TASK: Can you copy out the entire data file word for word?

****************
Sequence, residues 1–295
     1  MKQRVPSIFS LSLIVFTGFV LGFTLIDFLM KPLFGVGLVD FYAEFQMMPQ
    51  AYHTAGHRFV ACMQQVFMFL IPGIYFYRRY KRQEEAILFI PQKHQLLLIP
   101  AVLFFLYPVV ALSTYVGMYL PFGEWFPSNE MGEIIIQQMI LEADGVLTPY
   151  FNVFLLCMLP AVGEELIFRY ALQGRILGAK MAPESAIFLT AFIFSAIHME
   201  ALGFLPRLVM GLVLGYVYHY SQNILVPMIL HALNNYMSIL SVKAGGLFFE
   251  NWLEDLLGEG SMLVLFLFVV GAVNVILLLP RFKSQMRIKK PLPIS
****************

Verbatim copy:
Sequence, residues 1–295
     1  MKQRVPSIFS LSLIVFTGFV LGFTLIDFLM KPLFGVGLVD FYAEFQMMPQ
    51  AYHTAGHRFV ACMQQVFMFL IPGIYFYRRY KRQEEAILFI PQKHQLLLIP
   101  AVLFFLYPVV ALSTYVGMYL PFGEWFPSNE MGEIIIQQMI LEADGVLTPY
   151  FNVFLLCMLP AVGEELIFRY ALQGRILGAK MAPESAIFLT AFIFSAIHME
   201  ALGFLPRLVM GLVLGYVYHY SQNILVPMIL HALNNYMSIL SVKAGGLFFE
   251  NWLEDLLGEG SMLVLFLFVV GAVNVILLLP RFKSQMRIKK PLPIS